One of the main reason to go is to step back in time to the biblical period of nomads, orthodox Christianity, walled towns and settlements, and the images, sights and sounds of a nation and landscape touched only very lightly by modernity. From the highlands to the desert, this is a land of ecological diversity and dense human activity. There are several national parks and sanctuaries scattered across the country that cover all its varied ecological zones, and where many among the long list of Ethiopia’s threatened and endangered species can be found.

Ethiopia is making a great effort to build itself up as a mainstream tourist destination, and enjoys established facilities in the main cities and a growing spectrum in the countryside. With the rather depressing statistics of environment and wildlife threat in the country, one of the surest ways to support conservation, be it in terms of wildlife, environment or monuments, is to go there and spend your tourist dollars.

When to Visit Ethiopia

Ethiopia experiences climatic conditions that vary according to the landscape, which is nothing if not varied. Since most of the country lies at altitudes above 1 500m, conditions in most places are agreeable throughout the year. This is distinctly not the case in the Ogaden region and the extreme south, however, which is arid desert and semi-desert lying below 1 500m, and which can get extremely hot during the summer months.

Most of the country, and in particular those areas at higher elevation, experience summer rains between June and September, with a few showers early in the year, and usually very little outside these periods.

As is the case anywhere in the African highland belt, the period immediately after the rains is the most pleasant, with spring like air clarity, general inflorescence and a landscape freshly greened. If you are planning to visit during the festival periods of Timkat or Meskel then book in advance, and of course the European holiday seasons can be particularly congested in Addis Ababa.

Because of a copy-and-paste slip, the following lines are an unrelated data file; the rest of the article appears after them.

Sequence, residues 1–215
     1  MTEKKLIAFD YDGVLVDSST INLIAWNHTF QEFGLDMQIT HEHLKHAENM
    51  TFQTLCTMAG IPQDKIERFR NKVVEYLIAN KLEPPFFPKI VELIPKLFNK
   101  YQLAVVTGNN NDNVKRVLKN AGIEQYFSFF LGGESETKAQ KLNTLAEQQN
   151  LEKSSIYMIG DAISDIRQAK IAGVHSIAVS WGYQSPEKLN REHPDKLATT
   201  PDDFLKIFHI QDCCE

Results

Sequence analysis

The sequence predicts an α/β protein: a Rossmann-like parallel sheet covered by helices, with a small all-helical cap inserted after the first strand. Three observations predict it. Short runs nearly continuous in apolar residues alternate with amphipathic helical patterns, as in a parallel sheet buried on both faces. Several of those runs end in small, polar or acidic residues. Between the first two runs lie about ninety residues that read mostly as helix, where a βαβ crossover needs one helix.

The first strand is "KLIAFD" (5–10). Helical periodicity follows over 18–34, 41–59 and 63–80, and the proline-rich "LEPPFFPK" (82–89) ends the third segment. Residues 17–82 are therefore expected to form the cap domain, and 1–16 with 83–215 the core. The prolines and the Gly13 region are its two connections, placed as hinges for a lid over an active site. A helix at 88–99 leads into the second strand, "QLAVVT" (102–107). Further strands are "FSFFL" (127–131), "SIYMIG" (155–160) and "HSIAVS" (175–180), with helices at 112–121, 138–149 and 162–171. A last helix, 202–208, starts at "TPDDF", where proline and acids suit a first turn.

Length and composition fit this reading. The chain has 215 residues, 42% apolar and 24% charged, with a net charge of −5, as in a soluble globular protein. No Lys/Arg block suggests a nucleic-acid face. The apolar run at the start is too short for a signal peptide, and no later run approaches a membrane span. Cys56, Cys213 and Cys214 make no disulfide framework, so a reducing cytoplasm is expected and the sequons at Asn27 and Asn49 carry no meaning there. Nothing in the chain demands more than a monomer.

People and Culture

The Amhara

Ethiopia People & CultureAre the politically and culturally dominant ethnic group of Ethiopia. They are located primarily in the central highland plateau of Ethiopia and comprise the major population element in the provinces of Begemder and Gojjam and in parts of Shoa and Wallo.

In terms of the total Ethiopian population, however, the Amhara are a numerical minority. The national population has usually been placed at between 14 and 22 million.

It is generally estimated that the Amhara, together with the closely related Tigre, constitute about one-third of this total population. One of the most recent estimates gives the number of native speakers of Amharic, the language of the Amhara, as approximately 7,800,000.

Their national clothes are basically white, whether the shawls and light blankets worn over the shoulders by the men or the white dresses and wraps worn by the ladies.

In comparison, there seems to be general agreement that the Oromo peoples form the largest ethnic component in the country, comprising around 40 percent of the population. They are a pastoral and agricultural people who live mainly in central and southwestern Ethiopia, constitute about 40 percent of the population.

The Shankella, a people in the western part of the country from the border of Eritrea to Lake Turkana, constitute about 6 percent of the population.

Feedback From Clients

Lucy Fonda

Dear Davies, We had an absolutely incredible time....lodging, guiding, etc. was more than we could have hoped for...especially at Selati Lodge at Sabi Sabi... Phinda was also great... would love to repeat the experience. Incredible service!!!! Best vacation we ever had.....!!!!!!!!